A study of high level Greek in the non-literary papyri from Roman and Byzantine Egypt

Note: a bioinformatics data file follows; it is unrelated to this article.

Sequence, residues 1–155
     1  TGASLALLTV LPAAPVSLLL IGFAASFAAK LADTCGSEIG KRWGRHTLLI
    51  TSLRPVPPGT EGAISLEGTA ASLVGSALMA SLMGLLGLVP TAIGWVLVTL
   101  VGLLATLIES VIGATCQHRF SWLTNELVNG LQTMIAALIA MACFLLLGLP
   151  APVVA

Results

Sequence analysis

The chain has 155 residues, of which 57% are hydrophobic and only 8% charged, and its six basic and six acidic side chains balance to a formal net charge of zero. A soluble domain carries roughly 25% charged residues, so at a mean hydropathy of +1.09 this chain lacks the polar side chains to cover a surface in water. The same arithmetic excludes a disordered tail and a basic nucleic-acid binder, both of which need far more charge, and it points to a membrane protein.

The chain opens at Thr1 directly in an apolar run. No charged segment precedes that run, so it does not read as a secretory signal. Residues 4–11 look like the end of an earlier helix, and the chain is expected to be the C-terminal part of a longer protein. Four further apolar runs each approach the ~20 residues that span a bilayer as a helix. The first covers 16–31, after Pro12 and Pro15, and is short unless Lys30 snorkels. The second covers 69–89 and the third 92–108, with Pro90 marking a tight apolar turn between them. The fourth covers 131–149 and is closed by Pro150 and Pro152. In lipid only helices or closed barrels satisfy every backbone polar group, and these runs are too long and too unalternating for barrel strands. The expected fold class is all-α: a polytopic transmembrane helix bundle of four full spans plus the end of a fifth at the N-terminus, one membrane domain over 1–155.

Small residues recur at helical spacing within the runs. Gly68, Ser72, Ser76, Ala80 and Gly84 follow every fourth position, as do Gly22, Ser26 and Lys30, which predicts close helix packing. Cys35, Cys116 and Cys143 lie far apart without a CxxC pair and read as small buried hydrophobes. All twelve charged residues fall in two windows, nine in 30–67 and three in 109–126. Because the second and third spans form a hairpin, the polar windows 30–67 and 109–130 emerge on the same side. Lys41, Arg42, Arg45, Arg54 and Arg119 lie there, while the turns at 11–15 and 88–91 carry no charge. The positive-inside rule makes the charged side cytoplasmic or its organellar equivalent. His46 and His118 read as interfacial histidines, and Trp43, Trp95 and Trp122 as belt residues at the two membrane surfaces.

This thesis discusses for the first time the reception of higher level Greek in everyday prose in second- to sixth-century Egypt. It offers insights into the strategies of composition in stylistically ambitious non-literary sources, and investigates the use of select high-level language varieties. It thus contributes to research on stylistic registers in post-classical Greek. In Chapter One, the objectives of thesis are set out, and the methodologies used in assessing evidence are outlined. Chapter Two explores competence as a prerequisite for good performance. The linguistic characteristics of grammar as taught in contemporary schools are analysed in detail to determine the constituents of language competence of educated individuals. Greek theories of the epistolary style are discussed at length to define the normative stylistic context within which well-educated individuals produced their correspondence. Chapter Three examines the impact of two high-level language varieties, viz. purism and poetic language. The phenomenon of severe puristic intervention is explored by analysing two test cases. The interaction between attitudes to extreme puristic variants and the weighting of non-puristic elements is discussed, and the existence of widely varied puristic profiles is demonstrated within each genre. Loans from poetic language are shown to be equally subject to various patterns of usage, depending upon either external determinants such as context or the writer's particular psychological motivations. Focusing on private correspondence, Chapter Four illustrates the main strategies of stylistic refinement from a selection of contemporary letters. The capacity of handling the tools of high level Greek is occasionally inferior to the writers' ambitions, and the selected strategies of refinement differed in conformity with the rhetorical norms proposed by known epistolary theorists. Compositional choices disagreeing with these seem to depend partly on rhetorically-motivated acts, partly on sheer ignorance of the requirements of rhetoric.